H.F. Bhojani

H.F. Bhojani

Editorial Fellow

H.F. Bhojani is a Pakistani storyteller and poet who weaves narratives on those peering in from the peripheries—the misfits, and the marginalized; the underclass and the underdog. Get in touch @bhojanio or via hbhojani@motherjones.com.

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6 Photos of the Oldest Living Things in the World

| Tue Apr. 22, 2014 3:00 AM PDT
3,000-year-old llareta, a relative of parsley, Atacama Desert, Chile

For the last decade, photographer and artist Rachel Sussman has traveled the world to document its oldest living organisms. Her photographs, stories, and essays are interwoven in her new book, The Oldest Living Things in the World. I talked with Sussman about her first encounter with a very old tree, climate change, and how she tracked down her ancient subjects.

Mother Jones: How did you come up with the idea for this project?

Rachel Sussman: I had gone to Japan in 2004.  I wasn't having the best time, and was even at one point thinking of going home. I had learned this one phrase, "fundoshi o shimete kakaru" which literally means "tighten your loin cloth"—a saying that basically means "buck up." I ended up taking that advice. A couple of people had told me that I should go visit this 7,000-year-old tree. So instead of going home, I went the opposite direction, to this island called Yakushima, where this tree lives. The funny thing is that I didn't have an epiphany standing in front of the tree. It was incredible and obviously had an impact. But it was over a year later, sitting at a restaurant in Soho, eating Thai food with some friends that I had my eureka moment.

100,000-year-old sea grass, Baleric islands, Spain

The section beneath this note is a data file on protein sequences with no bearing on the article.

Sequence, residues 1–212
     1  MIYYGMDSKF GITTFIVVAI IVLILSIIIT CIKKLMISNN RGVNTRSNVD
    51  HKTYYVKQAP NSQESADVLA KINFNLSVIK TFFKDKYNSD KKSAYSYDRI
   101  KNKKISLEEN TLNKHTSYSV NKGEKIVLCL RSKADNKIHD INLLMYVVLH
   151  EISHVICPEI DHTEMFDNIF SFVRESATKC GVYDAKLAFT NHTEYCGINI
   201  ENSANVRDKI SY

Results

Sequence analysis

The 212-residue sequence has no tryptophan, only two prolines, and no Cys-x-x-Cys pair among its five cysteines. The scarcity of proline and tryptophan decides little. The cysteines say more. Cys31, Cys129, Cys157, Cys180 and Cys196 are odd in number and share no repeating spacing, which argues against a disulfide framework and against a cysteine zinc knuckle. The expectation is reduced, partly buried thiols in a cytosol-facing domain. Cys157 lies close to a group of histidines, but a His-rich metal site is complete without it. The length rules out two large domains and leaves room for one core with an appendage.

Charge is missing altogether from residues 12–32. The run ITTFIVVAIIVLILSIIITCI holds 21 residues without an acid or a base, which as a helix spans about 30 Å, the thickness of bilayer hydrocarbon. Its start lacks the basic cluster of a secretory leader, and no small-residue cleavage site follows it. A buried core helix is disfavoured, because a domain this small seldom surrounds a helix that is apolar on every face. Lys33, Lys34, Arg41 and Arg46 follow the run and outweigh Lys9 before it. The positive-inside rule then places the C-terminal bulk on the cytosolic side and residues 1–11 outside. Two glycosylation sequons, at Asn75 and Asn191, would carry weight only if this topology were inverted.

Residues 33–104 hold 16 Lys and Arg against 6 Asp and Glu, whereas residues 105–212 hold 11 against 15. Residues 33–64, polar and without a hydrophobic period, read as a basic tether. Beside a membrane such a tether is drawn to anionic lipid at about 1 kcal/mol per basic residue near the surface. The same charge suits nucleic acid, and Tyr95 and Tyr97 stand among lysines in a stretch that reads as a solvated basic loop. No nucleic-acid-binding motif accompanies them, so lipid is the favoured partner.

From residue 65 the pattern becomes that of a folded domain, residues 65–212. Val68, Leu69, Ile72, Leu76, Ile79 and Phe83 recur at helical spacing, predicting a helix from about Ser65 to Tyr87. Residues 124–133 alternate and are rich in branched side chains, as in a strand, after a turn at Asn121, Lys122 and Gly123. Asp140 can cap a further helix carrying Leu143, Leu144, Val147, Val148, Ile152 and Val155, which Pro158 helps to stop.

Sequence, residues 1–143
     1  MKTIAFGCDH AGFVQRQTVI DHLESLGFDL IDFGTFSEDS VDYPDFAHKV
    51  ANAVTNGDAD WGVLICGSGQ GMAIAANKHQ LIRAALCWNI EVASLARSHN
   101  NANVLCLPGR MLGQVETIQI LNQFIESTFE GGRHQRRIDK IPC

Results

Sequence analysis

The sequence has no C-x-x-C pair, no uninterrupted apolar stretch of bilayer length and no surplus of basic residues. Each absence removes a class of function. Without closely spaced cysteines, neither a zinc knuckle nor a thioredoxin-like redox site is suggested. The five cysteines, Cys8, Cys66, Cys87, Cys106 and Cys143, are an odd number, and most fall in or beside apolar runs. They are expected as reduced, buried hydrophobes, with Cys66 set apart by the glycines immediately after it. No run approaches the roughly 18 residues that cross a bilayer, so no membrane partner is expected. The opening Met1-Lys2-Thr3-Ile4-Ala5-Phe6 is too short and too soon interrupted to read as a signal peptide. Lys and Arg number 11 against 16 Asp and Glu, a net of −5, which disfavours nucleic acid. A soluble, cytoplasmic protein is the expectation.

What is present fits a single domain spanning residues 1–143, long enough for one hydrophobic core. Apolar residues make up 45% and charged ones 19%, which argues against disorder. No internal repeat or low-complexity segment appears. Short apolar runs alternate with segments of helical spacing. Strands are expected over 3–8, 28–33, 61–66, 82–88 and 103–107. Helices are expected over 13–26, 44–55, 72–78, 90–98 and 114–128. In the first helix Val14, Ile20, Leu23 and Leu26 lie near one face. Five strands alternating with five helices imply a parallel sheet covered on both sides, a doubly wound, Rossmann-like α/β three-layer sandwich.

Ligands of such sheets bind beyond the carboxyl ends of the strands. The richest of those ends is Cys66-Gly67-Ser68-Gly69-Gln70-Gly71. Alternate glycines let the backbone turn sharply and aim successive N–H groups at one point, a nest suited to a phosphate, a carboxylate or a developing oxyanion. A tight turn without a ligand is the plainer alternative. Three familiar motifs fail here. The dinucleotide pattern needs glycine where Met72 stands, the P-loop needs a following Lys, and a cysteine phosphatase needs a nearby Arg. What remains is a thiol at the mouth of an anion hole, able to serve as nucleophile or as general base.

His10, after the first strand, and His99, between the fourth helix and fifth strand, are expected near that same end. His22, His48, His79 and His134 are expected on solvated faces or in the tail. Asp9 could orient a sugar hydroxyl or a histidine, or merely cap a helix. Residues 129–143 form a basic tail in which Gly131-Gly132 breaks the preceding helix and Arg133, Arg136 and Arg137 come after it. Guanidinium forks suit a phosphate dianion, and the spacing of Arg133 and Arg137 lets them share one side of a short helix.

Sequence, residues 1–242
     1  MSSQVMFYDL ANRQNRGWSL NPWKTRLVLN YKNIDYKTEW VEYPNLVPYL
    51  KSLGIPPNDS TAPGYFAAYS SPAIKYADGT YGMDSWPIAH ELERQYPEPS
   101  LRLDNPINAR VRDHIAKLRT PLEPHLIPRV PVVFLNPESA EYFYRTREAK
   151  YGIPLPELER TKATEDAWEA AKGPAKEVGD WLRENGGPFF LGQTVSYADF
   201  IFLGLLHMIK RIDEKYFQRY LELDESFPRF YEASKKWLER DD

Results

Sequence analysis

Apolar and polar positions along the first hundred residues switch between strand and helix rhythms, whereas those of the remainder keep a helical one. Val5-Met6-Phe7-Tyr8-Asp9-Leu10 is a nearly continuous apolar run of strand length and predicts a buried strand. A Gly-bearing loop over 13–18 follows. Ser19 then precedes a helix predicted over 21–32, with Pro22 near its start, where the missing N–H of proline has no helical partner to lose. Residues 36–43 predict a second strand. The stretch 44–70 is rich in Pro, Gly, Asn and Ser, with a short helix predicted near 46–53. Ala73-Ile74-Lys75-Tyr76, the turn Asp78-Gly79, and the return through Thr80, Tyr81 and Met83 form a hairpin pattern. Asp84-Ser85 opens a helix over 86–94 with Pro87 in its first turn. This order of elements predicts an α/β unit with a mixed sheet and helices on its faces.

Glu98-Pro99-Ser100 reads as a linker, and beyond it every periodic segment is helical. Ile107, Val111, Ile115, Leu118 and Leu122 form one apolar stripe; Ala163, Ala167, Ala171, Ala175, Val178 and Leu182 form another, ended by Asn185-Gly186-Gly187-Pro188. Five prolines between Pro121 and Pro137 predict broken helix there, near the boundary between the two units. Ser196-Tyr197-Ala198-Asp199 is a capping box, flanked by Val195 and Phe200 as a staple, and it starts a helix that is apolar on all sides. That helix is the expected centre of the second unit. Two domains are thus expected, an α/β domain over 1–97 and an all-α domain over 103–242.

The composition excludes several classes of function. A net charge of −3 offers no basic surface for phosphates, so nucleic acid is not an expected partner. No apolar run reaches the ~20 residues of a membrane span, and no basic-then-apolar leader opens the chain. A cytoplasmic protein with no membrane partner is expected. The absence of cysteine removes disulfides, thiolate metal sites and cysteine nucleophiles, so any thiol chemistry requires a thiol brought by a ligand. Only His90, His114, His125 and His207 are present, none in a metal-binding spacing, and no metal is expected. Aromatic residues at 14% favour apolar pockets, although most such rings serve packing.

MJ: What was the research process like?

RS: One thing that is really interesting is that there is no area that deals with longevity across species. For example, dendrochronologists study tree history, and mycologists study fungi. But they don't talk to each other. So there was no list of old organisms. Apart from a lot of Google searches, I would try to find the published scientific research. It might start out with a rumor in a local newspaper—"hey, here is this 100,000-year-old sea grass"—and I then track down some hard facts and contact the researchers, who nine out of 10 times, are so thrilled that someone is interested in their esoteric work.

2,000-year-old Parfuri Baobab, Kruger Game Preserve, South Africa

MJ: What's the oldest thing you've photographed?

RS: Half-million-year-old bacteria found in Siberian permafrost. Unfortunately, I didn't get to go to Siberia. The research was done in the Neils Bohr institute in Copenhagen, so I went there and looked at a soil sample under the microscope and made some digital images.

Soil sample containing 400,000-600,000-year-old Siberian bacteria

MJ:  How will climate change affect these organisms?

RS: On the one hand they are these amazing symbols of resilience and perseverance; on the other hand if you think of almost every marker of climate change, they are impacted—by rising temperatures, rising sea levels, ocean acidification, rising carbon dioxide, polar ice caps melting, basic human encroachment.